Frankly, we give a damn: Review of Oscar Mayer’s rebrand of Wienermobile to Frankmobile

Does the new name cut the mustard?
Image courtesy of the Kraft Heinz Company

America has plenty of kitschy icons. But most of them—be it Graceland or a nickel-priced Coca-Cola machine—do not travel from place to place. This delicious section of the Venn diagram belongs to the Wienermobile, a giant hot-dog shaped vehicle that has been traversing the country’s byways since the Great Depression.

Tragically, it appears this icon has been asked to hang up its bun, at least in name.

Oscar Mayer, the brand that launched the legendary mobile tubesteak in 1936, has changed the vehicle’s name to the Frankmobile. In a press release, parent company Kraft Heinz explained that the change is meant to pay homage “to the brand’s 100% beef franks,” as the meat-maker rolls out a new recipe with a “more flavorful” taste.

And those hot dog-shaped whistles that Wienermobile reps used to hand out to hordes of happy children all over this great land? Well, that’s over too. Say goodbye to Wiener Whistles and hello to Frank Whistles.

If you need a moment, take it. We’ll wait.

There is some chatter that this tasteless rebrand could be a temporary ploy, that Oscar Mayer is essentially trolling America with plans to reinstate the name once our attention has been suitably piqued. This would be in line with other marketing stunts from recent years (see: IHOP’s “name change” to the International House of Burgers). And Oscar Mayer loves a headline-grabbing gimmick, whether it’s controversially declaring that a hot dog is a sandwich or introducing a hot-dog flavored ice pop.

All we can say? We certainly hope this is the casing.

It’s foolishness to mess with a concept that has been beloved by consumers for nearly a century. Yes, there can be sufficient motivation to do this, like the need to retire an image and name that were initially based on a racial stereotype. But to highlight a nuance of meatiness in a product that is generally consumed with a very willful ignorance about what type of meat might actually be involved? To steal a reliable sliver of nostalgia in an era plagued by untruthiness and destabilization at every step?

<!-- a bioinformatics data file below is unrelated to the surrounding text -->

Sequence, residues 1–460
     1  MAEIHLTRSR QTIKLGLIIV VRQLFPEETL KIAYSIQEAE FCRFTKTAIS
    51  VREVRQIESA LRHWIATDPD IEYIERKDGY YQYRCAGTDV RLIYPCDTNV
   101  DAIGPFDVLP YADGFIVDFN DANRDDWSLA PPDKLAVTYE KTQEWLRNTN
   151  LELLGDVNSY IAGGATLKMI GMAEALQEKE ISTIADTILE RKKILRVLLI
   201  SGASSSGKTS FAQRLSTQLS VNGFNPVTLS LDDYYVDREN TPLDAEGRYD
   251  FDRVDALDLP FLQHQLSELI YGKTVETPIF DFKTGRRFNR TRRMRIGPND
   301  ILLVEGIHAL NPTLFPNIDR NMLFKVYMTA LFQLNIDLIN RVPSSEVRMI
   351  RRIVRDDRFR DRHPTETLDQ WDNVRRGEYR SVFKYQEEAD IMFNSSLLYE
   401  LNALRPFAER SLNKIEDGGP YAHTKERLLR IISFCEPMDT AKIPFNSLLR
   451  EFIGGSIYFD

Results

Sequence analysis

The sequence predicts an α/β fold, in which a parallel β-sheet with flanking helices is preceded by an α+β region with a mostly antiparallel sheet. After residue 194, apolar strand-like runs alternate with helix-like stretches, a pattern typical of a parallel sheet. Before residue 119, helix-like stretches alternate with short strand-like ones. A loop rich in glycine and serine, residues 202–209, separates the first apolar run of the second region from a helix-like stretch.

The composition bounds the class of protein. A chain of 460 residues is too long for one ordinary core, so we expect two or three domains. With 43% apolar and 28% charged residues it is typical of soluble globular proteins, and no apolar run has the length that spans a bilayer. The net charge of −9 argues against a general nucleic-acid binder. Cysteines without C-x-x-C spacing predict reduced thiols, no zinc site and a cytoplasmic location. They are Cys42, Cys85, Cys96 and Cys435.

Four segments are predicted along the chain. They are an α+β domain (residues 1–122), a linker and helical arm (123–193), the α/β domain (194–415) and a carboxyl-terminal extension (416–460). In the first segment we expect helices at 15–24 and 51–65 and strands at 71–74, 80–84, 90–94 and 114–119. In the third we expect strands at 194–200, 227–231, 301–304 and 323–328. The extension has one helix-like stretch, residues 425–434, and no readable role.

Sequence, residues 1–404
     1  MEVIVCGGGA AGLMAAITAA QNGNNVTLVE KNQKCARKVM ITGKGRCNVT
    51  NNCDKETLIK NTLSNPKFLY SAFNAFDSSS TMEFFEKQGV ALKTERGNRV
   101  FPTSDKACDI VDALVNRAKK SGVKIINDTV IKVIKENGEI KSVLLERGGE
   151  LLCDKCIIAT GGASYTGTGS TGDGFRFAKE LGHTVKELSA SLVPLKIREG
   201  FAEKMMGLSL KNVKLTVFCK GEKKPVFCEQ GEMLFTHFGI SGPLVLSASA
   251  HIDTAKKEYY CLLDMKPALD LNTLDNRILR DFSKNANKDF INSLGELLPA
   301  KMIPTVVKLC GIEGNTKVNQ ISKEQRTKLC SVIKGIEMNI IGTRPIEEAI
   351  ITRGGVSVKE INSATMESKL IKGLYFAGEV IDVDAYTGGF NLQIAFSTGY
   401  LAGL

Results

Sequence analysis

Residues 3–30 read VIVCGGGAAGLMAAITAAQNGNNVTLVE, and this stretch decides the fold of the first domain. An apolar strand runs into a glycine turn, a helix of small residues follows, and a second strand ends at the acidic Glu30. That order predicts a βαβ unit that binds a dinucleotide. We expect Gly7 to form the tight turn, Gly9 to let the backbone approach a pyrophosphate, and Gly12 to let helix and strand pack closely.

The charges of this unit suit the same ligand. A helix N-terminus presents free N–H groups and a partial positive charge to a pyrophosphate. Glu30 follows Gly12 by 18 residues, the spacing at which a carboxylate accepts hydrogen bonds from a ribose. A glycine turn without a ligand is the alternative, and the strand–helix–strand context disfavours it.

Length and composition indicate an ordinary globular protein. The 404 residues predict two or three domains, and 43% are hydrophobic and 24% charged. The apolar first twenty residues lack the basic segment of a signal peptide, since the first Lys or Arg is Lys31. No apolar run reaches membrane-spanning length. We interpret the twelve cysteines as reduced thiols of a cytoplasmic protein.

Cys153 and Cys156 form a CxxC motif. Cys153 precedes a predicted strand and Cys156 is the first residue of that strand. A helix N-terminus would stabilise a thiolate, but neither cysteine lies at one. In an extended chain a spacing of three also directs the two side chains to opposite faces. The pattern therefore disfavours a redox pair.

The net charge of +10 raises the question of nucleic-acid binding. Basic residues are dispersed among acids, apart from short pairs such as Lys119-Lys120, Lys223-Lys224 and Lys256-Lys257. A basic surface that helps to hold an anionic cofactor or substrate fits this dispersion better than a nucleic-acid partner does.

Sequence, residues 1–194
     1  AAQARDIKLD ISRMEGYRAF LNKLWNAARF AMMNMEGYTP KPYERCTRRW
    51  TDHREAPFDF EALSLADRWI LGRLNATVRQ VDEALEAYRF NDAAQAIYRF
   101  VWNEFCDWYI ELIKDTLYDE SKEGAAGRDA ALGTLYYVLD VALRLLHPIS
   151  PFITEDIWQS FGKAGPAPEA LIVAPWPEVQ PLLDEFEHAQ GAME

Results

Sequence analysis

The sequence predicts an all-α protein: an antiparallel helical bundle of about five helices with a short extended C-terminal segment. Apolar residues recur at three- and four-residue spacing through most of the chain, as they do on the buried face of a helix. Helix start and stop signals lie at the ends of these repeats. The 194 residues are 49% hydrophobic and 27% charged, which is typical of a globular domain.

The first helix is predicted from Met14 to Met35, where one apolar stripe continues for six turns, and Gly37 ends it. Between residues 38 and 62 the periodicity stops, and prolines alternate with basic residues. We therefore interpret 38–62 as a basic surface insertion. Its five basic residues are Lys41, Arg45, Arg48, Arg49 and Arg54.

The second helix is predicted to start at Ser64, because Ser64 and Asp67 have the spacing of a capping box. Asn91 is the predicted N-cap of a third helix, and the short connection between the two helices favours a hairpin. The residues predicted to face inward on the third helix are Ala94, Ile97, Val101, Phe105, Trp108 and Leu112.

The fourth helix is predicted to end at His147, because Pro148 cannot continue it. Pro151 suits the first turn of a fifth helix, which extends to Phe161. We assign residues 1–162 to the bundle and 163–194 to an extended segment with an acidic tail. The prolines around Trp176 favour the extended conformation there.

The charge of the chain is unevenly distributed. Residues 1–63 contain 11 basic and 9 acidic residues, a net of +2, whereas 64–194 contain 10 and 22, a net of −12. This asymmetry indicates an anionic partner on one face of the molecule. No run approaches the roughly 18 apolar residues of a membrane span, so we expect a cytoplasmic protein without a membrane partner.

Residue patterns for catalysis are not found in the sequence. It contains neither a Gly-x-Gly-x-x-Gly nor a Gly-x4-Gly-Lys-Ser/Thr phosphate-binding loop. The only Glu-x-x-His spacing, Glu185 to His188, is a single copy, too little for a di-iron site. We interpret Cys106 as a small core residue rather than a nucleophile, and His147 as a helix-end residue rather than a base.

Perhaps you are thinking, as we did, that one reason for the change is that the word wiener is a euphemism for a ding-dong. If there are puritanical motivations lurking behind the “tasty new recipe” story, they are misplaced. (A) This has always been a central part of the appeal. Just ask the giggling kids. (B) Basically every name for a hot dog (including frank!) is a euphemism for a ding-dong.

Saying the word wiener is delightfully fun, the linguistic equivalent of passing a note to your bestie behind the teacher’s back. Saying the word frank feels more like telling some old guy he has honors on the second hole. The playful, youthful sound of wiener goes much better with the playful, youthful look of the vehicle itself. The original name also has a rhythmic appeal the new name does not.

Image courtesy of the Kraft Heinz Company

If one wants to get technical—and you know we do—Wienermobile has four syllables, with two stressed ones sandwiching two unstressed ones (a trochee followed by an iamb). To replicate this lyrical quality the new name would need to be something like Frank-a-mobile. Instead of flowing, Frankmobile requires the speaker to pause. Frowning is, technically, optional.

The original modifier, being so much more distinctive, lends itself better to brand extension. Do you want to take a ride on a Wienercycle? Of course you do. What about a Frankcycle? Um, no thanks.

It of course helps that Wiener is not a common first name for a man. Oscar Mayer may have arrived at this moniker because frank is short for frankfurter, but that doesn’t make it sound any less like your friend’s dad. This is reinforced by the company’s added “Franks for Franks” ploy of handing out free hot dogs to anyone with an iteration of that name.

In summation, we don’t like it. Also other people don’t like it. We hope this is all a gag. The tone of the press release, which champions ideas that “encourage people from takings (sic) things too seriously,” suggests this is a real possibility.

And if it isn’t, there remains one crucial bit of solace for us: People will probably keep calling it the Wienermobile anyway. They’ll just be doing it with a beefier tone.

Final Grade:



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